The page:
Ben Stokes
Former Indian cricketer Sachin Tendulkar (L) presents the man of the match award to England's Ben Stokes after England's victory. Image Credit: AFP

Dubai: Ben Stokes was the villain for England when Carlos Brathwaite carted four consecutive sixes to give an improbable win for West Indies in the final of the Twenty20 World Cup at Eden Gardens in Kolkata, the all-rounder’s distraught face is still vivid in memory.

Carrying such a scar, Stokes did not allows the pressure of the high-voltage game to get the better of him to guide England to victory in sensational final that will be remembered for years to come. The all-rounder’s knock, which enabled him to win the man of the match award, provided the turning point in England’s success story at the hallowed turf of Lord’s.

It’s extremely tough to be in Stokes shoes as time and again the memory of the last over would have come to haunt him, but now he has buried his demons in the best possible manner to pull England out of the woods and levelling the scores at a time when the wickets are falling like pins at the other end and had the unenviable task of shepherding the tail.

In the last over, Stokes proved the strength of his calm mind by retaining the strike, despite losing wickets at the other end, to give the hosts their maiden title, ending a 44-year wait and the heartbreak of missing out after reaching three finals.

If one thought that the 50-over cricket lacked the drama that the Twenty20 version provides, then this final is the biggest advertisement for the One Day Internationals. After nine hours of play, there was little that separated the teams in their battle for supremacy.

One’s heart goes out for the brave losers New Zealand and their captain Kane Williamson, who carried himself as an ambassador of the game and the captain of the Black Caps with perfection. With limited resources at his disposal in a team that did not have any superstars in the team, Williamson carried on gamely and reached this far, a credit to his astute captaincy skills.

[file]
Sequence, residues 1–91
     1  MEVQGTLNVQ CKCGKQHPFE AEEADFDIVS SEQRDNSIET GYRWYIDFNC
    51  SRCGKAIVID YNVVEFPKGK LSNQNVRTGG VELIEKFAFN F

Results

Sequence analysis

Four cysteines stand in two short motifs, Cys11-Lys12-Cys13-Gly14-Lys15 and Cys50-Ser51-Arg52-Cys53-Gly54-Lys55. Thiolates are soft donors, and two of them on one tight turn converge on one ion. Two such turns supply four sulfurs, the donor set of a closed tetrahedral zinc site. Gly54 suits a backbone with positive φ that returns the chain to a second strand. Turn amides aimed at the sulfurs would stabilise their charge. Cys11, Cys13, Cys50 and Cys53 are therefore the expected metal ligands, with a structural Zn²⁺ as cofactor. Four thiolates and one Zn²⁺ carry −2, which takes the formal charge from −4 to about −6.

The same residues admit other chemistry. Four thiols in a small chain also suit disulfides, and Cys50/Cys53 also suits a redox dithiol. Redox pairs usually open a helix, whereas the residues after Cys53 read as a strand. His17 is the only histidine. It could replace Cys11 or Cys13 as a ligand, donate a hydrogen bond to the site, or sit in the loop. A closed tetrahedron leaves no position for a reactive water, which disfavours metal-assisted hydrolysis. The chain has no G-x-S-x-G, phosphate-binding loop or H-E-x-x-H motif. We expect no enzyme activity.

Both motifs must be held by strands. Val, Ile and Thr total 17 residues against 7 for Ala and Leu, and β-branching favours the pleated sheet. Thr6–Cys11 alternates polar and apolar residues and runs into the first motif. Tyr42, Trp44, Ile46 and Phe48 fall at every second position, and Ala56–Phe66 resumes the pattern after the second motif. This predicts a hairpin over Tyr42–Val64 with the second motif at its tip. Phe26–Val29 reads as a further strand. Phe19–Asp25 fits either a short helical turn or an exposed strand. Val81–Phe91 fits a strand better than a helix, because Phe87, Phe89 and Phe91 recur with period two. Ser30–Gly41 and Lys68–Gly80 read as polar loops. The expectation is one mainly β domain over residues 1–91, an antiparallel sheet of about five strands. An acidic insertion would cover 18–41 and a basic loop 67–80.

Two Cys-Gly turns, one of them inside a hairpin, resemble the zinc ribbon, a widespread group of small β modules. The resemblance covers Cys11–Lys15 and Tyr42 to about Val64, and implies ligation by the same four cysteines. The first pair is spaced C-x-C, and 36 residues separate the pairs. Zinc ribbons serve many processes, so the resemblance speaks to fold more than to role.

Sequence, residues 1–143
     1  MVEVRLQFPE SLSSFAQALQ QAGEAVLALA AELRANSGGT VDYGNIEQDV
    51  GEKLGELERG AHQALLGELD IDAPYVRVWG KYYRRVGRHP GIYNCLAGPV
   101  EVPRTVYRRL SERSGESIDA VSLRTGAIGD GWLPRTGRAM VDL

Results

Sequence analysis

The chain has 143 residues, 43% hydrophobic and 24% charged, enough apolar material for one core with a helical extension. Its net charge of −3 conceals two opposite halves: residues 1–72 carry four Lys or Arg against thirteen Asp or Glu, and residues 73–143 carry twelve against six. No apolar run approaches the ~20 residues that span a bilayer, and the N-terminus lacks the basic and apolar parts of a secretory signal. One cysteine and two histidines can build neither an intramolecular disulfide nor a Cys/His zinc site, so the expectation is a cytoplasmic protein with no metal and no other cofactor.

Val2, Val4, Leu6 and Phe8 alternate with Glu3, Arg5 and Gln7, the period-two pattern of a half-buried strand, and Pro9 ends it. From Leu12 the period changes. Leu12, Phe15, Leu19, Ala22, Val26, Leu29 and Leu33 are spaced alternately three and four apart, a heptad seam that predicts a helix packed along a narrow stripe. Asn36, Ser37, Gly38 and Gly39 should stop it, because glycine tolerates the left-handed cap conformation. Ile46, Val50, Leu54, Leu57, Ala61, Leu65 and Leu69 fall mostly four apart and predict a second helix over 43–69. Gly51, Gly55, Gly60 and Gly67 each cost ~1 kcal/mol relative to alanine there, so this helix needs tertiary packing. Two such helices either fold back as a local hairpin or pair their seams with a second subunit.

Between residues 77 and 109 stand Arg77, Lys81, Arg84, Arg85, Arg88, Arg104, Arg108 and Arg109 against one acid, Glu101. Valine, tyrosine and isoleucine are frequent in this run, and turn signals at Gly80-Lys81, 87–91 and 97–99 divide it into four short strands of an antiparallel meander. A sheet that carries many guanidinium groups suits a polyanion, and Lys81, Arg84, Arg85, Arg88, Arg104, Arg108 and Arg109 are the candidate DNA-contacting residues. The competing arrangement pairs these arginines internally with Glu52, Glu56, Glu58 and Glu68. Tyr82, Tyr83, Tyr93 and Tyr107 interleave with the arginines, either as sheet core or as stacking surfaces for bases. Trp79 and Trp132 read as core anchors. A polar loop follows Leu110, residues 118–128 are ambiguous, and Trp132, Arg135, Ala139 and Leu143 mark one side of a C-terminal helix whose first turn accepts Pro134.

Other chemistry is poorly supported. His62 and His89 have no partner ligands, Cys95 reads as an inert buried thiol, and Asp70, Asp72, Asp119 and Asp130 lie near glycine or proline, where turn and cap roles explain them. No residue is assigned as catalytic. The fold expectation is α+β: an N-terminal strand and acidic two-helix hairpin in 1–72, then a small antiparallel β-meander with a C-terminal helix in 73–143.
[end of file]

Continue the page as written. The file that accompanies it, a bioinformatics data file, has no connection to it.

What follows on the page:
The victory over India in the semi-finals must have given a massive boost to New Zealand’s confidence that they could go past the winning line after succumbing to the final hurdle in the previous edition. The experience of playing a final would have also eased the pressure on the Black Caps, which was quite evident in the manner they went about their task with a touch of calmness, unperturbed by the stage.

New Zealand might have sneaked into the semi-finals on better run rate, but little would they have expected to lose the final by something similar, on lesser boundaries after the Super Over finished in a tie.

The Super Sunday lived up to the hype with Novak Djokovic edging out Roger Federer in a marathon men’s final in Wimbledon Championships and England winning their maiden title in dramatic fashion and Lewis Hamilton winning the British Grand Prix at Silverstone. it can’t get any better. What a day for Sport!